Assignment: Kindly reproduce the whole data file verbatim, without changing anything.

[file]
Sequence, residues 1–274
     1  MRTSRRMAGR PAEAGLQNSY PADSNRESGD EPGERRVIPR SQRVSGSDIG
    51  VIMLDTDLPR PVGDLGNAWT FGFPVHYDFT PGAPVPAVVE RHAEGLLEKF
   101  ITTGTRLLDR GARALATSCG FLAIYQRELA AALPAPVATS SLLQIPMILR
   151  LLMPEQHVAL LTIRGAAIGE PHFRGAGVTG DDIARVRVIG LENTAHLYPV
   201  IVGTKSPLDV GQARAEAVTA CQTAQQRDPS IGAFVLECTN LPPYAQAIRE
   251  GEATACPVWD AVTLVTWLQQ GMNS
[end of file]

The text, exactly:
Sequence, residues 1–274
     1  MRTSRRMAGR PAEAGLQNSY PADSNRESGD EPGERRVIPR SQRVSGSDIG
    51  VIMLDTDLPR PVGDLGNAWT FGFPVHYDFT PGAPVPAVVE RHAEGLLEKF
   101  ITTGTRLLDR GARALATSCG FLAIYQRELA AALPAPVATS SLLQIPMILR
   151  LLMPEQHVAL LTIRGAAIGE PHFRGAGVTG DDIARVRVIG LENTAHLYPV
   201  IVGTKSPLDV GQARAEAVTA CQTAQQRDPS IGAFVLECTN LPPYAQAIRE
   251  GEATACPVWD AVTLVTWLQQ GMNS